• C04B41/5025Coating or impregnating, e.g. injection in masonry, partial coating of green or fired ceramics, organic coating compositions for adhering together two concrete elements with inorganic materials with ceramic materials
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    • C04B41/5025Coating or impregnating, e.g. injection in masonry, partial coating of green or fired ceramics, organic coating compositions for adhering together two concrete elements with inorganic materials with ceramic materials
    • C04B41/5042Zirconium oxides or zirconates; Hafnium oxides or hafnates
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    • C04B41/89Coating or impregnation for obtaining at least two superposed coatings having different compositions
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    • C23COATING METALLIC MATERIAL; COATING MATERIAL WITH METALLIC MATERIAL; CHEMICAL SURFACE TREATMENT; DIFFUSION TREATMENT OF METALLIC MATERIAL; COATING BY VACUUM EVAPORATION, BY SPUTTERING, BY ION IMPLANTATION OR BY CHEMICAL VAPOUR DEPOSITION, IN GENERAL; INHIBITING CORROSION OF METALLIC MATERIAL OR INCRUSTATION IN GENERAL
    • C23CCOATING METALLIC MATERIAL; COATING MATERIAL WITH METALLIC MATERIAL; SURFACE TREATMENT OF METALLIC MATERIAL BY DIFFUSION INTO THE SURFACE, BY CHEMICAL CONVERSION OR SUBSTITUTION; COATING BY VACUUM EVAPORATION, BY SPUTTERING, BY ION IMPLANTATION OR BY CHEMICAL VAPOUR DEPOSITION, IN GENERAL
    • C23C16/00Chemical coating by decomposition of gaseous compounds, without leaving reaction products of surface material in the coating, i.e. chemical vapour deposition [CVD] processes
    • C23C16/44Chemical coating by decomposition of gaseous compounds, without leaving reaction products of surface material in the coating, i.e. chemical vapour deposition [CVD] processes characterised by the method of coating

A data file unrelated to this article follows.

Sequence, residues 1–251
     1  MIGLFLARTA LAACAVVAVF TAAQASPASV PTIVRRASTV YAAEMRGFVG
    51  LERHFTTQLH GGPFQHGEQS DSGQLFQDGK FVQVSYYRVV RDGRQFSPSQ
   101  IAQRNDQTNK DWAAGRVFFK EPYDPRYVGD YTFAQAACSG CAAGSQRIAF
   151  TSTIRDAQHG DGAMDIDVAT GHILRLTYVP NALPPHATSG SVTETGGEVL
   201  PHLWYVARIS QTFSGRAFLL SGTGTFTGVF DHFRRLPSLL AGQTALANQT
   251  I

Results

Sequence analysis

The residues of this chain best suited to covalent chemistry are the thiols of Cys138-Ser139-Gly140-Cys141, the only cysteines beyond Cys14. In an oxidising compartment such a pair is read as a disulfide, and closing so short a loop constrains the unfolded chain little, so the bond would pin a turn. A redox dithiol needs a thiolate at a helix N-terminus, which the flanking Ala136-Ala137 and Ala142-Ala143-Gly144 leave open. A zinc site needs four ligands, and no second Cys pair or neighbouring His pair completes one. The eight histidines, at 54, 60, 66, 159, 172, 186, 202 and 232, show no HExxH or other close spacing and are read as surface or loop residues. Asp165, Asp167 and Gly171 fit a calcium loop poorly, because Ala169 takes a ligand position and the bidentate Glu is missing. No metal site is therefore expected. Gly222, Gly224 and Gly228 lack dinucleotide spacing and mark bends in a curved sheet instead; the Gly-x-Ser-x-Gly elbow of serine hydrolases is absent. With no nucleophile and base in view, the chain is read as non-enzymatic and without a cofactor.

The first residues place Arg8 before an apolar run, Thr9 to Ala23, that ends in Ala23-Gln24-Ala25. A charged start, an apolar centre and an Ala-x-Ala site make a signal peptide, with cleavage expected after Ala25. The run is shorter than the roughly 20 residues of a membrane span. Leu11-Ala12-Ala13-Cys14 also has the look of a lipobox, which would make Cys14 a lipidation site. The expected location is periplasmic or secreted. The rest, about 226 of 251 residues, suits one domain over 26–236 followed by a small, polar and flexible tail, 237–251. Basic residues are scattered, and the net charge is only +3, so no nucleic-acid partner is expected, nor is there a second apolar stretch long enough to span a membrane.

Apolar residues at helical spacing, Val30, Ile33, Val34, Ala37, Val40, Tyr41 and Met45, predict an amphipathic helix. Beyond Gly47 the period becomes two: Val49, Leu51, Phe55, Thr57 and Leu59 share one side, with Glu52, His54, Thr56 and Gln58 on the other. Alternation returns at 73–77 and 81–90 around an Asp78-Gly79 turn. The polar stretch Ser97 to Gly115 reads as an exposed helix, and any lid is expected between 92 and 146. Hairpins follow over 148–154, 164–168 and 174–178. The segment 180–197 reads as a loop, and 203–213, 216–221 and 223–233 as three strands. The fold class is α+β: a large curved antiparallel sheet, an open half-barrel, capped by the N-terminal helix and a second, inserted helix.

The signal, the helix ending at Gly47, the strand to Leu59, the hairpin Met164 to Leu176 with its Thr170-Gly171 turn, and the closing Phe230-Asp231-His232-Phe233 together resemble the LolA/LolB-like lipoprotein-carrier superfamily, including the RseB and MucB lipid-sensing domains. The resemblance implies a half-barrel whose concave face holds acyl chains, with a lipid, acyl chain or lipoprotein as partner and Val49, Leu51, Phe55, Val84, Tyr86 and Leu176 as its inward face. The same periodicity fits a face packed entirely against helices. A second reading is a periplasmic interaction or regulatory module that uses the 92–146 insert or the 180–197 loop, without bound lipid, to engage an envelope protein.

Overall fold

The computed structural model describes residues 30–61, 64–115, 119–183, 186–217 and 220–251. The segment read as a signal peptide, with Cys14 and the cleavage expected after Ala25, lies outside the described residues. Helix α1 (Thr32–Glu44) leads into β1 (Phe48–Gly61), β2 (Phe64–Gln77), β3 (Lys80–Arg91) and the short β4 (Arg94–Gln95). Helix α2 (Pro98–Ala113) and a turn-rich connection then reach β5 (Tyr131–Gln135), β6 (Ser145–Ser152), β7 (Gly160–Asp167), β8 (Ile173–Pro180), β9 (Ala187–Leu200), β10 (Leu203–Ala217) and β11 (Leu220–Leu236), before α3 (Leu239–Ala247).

• C23C16/4401Means for minimising impurities, e.g. dust, moisture or residual gas, in the reaction chamber
    • C23C16/4404Coatings or surface treatment on the inside of the reaction chamber or on parts thereof
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    • C23COATING METALLIC MATERIAL; COATING MATERIAL WITH METALLIC MATERIAL; CHEMICAL SURFACE TREATMENT; DIFFUSION TREATMENT OF METALLIC MATERIAL; COATING BY VACUUM EVAPORATION, BY SPUTTERING, BY ION IMPLANTATION OR BY CHEMICAL VAPOUR DEPOSITION, IN GENERAL; INHIBITING CORROSION OF METALLIC MATERIAL OR INCRUSTATION IN GENERAL
    • C23CCOATING METALLIC MATERIAL; COATING MATERIAL WITH METALLIC MATERIAL; SURFACE TREATMENT OF METALLIC MATERIAL BY DIFFUSION INTO THE SURFACE, BY CHEMICAL CONVERSION OR SUBSTITUTION; COATING BY VACUUM EVAPORATION, BY SPUTTERING, BY ION IMPLANTATION OR BY CHEMICAL VAPOUR DEPOSITION, IN GENERAL
    • C23C28/00Coating for obtaining at least two superposed coatings either by methods not provided for in a single one of groups C23C2/00 - C23C26/00 or by combinations of methods provided for in subclasses C23C and C25C or C25D
    • C23C28/30Coatings combining at least one metallic layer and at least one inorganic non-metallic layer
    • C23C28/32Coatings combining at least one metallic layer and at least one inorganic non-metallic layer including at least one pure metallic layer
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    • C23CCOATING METALLIC MATERIAL; COATING MATERIAL WITH METALLIC MATERIAL; SURFACE TREATMENT OF METALLIC MATERIAL BY DIFFUSION INTO THE SURFACE, BY CHEMICAL CONVERSION OR SUBSTITUTION; COATING BY VACUUM EVAPORATION, BY SPUTTERING, BY ION IMPLANTATION OR BY CHEMICAL VAPOUR DEPOSITION, IN GENERAL
    • C23C28/00Coating for obtaining at least two superposed coatings either by methods not provided for in a single one of groups C23C2/00 - C23C26/00 or by combinations of methods provided for in subclasses C23C and C25C or C25D